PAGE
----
Not long ago I asked on Twitter whether there was content people wanted to see more or less of on this blog, and one respondent said he missed the reviews of casual games with a narrative bent. (Miss Management remains my gold standard in this field, but there were others that I also really enjoyed.)
I answered that I don’t play as many of those as I used to: partly because my schedule has gotten more demanding, and partly because the time management and casual simulation games went through a phase where they just weren’t that great any more.
However, that conversation reminded me that there was a casual game I’d been meaning to try out — a mobile game called Lily’s Garden that received a warm write-up a while back from Carly Kocurek. And I’d heard a little from narrative designer Stella Sacco about what she was doing with the content, and was intrigued by the promise of a nuanced, grown-up storyline.
Rob from the rich and give to the poor, cross swords with the Sheriff of Nottingham, and above all, lead Sherwood through the turning of the seasons and into a new age.
By your actions, gain gold, renown, followers, and even a measure of grace. Then spend those resources to fortify your forest home, accomplish special missions, and change the course of Sherwood’s destiny. Will you save your plundered gold to rebuild the walls of your home, or send it to the poor and dispossessed to increase your renown and attract Merry Men to your cause? And what of the rising bounty on your head?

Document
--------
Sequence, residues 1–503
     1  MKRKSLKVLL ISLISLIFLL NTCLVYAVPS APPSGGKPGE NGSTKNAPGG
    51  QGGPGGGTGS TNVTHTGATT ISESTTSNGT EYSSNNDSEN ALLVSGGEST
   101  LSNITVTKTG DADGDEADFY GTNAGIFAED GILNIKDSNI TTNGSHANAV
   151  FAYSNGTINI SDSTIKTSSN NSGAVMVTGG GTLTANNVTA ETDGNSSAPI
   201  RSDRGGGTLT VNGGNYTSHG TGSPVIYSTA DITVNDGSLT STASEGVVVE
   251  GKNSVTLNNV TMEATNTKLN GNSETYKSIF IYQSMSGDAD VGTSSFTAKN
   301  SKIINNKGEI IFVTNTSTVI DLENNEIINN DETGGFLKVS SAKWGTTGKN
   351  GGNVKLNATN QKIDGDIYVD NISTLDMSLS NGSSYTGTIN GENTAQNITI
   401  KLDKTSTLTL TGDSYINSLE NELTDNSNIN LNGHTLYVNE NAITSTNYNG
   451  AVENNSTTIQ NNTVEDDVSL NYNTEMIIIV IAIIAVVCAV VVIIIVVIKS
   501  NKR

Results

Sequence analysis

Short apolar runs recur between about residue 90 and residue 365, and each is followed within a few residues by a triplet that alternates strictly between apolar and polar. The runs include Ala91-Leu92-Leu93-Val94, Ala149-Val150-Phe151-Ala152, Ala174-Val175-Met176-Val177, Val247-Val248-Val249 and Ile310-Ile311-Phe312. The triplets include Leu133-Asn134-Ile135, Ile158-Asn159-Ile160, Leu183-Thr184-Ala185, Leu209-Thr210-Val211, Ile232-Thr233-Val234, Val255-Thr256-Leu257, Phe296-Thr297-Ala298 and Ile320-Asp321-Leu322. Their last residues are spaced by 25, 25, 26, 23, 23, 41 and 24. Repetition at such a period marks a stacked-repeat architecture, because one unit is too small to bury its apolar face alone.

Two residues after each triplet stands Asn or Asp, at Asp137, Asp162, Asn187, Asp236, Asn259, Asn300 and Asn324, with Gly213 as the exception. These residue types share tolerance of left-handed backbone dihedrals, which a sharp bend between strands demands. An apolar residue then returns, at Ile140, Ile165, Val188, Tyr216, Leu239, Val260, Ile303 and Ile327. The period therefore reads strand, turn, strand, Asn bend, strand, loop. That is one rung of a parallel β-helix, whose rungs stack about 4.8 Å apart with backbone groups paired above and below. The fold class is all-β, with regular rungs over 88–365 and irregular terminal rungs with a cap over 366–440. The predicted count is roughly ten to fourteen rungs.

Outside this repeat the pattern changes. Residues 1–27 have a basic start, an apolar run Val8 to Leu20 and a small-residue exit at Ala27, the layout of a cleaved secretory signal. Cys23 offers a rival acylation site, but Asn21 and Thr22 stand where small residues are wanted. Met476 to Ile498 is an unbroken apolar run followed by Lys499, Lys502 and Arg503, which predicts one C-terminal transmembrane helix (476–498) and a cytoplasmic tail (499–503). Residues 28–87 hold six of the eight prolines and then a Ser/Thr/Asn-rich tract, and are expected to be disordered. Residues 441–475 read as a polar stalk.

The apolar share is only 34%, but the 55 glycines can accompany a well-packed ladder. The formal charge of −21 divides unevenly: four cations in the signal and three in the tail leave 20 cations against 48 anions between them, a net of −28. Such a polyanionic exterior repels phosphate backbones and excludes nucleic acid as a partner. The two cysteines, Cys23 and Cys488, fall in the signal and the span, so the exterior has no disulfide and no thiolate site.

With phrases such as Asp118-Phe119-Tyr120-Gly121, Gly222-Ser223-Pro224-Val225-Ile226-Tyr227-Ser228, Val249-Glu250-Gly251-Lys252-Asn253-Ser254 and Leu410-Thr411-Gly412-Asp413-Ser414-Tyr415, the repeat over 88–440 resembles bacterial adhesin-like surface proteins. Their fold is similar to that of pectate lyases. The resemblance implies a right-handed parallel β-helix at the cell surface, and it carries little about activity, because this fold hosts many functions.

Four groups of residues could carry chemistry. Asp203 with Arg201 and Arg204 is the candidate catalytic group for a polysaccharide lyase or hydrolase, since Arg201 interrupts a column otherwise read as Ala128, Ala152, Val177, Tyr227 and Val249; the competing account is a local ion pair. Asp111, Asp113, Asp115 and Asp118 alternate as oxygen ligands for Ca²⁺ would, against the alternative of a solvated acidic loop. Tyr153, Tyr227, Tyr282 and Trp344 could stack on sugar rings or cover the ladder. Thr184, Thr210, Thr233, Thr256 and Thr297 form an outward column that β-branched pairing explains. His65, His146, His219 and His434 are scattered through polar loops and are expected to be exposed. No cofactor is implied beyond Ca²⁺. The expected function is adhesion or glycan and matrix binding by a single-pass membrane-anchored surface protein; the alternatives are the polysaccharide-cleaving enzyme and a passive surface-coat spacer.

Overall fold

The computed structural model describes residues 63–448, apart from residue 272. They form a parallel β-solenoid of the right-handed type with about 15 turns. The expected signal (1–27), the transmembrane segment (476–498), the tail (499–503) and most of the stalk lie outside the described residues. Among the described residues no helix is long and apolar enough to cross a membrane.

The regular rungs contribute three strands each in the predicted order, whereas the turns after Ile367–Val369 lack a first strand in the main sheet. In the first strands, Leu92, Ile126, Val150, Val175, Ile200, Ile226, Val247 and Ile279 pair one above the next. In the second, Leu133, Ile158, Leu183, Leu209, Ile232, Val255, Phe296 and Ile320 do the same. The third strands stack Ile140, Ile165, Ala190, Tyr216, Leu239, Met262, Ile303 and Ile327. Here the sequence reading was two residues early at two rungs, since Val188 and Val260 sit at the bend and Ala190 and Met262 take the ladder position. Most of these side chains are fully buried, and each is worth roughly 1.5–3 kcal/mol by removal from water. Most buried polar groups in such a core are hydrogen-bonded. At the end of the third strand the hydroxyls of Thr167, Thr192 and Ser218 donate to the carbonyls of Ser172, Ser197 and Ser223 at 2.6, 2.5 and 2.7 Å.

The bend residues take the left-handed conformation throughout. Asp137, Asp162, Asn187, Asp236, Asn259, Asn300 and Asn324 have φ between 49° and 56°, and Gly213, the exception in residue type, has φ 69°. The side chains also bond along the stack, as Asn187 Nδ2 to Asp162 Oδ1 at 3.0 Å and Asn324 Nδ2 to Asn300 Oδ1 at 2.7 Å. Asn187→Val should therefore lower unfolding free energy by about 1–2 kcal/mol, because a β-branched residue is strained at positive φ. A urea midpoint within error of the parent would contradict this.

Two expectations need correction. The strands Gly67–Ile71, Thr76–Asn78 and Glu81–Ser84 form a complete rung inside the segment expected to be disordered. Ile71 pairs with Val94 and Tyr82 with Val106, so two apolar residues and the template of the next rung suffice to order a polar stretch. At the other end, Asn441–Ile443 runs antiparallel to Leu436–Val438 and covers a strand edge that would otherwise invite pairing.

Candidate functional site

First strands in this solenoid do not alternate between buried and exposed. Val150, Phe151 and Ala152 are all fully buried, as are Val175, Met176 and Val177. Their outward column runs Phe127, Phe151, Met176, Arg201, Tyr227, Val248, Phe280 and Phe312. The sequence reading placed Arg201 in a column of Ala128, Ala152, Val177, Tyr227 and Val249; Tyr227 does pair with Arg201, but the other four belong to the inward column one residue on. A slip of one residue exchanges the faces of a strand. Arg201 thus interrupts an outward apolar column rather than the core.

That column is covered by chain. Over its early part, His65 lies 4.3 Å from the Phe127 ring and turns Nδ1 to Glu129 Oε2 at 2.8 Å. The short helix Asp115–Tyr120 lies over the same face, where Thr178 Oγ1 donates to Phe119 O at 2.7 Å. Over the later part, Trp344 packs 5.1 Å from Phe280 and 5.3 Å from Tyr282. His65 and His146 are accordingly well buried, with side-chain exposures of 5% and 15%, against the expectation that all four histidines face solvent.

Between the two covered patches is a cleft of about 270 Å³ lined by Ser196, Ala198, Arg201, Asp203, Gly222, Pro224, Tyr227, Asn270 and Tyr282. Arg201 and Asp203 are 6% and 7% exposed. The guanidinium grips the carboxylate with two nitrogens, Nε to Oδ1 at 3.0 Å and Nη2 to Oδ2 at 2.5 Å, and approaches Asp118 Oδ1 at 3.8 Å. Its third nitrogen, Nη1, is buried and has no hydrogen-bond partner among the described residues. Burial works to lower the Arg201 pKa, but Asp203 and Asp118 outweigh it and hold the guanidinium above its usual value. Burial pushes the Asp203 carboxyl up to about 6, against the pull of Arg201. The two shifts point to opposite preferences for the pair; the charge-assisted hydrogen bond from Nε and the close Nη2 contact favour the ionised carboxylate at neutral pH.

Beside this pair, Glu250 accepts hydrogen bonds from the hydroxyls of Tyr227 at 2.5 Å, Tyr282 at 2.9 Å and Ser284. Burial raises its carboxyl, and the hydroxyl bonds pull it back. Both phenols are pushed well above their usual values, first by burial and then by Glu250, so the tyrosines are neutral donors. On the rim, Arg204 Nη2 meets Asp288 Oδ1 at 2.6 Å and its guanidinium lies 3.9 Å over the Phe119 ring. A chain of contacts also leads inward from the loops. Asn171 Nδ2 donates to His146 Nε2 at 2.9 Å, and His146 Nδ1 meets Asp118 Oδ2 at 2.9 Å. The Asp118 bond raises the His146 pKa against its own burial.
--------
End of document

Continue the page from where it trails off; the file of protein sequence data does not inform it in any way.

Consider your choices carefully, for the consequences of your actions are not always readily apparent. For better or ill, in ways both small and large, you will change the course of history.
In story terms, Nocked! shares some of the features of a Choice of Games piece: it starts at the beginning of Robin’s career as an outlaw and allows the player to build up his (or her) resources and personality, then play out subsequent adventures. And rather like a Choice of Games work, Nocked! advertises itself on the strength of its size and massively branching narrative: more than 400K words! Five distinct backstory options! Fifty possible endings!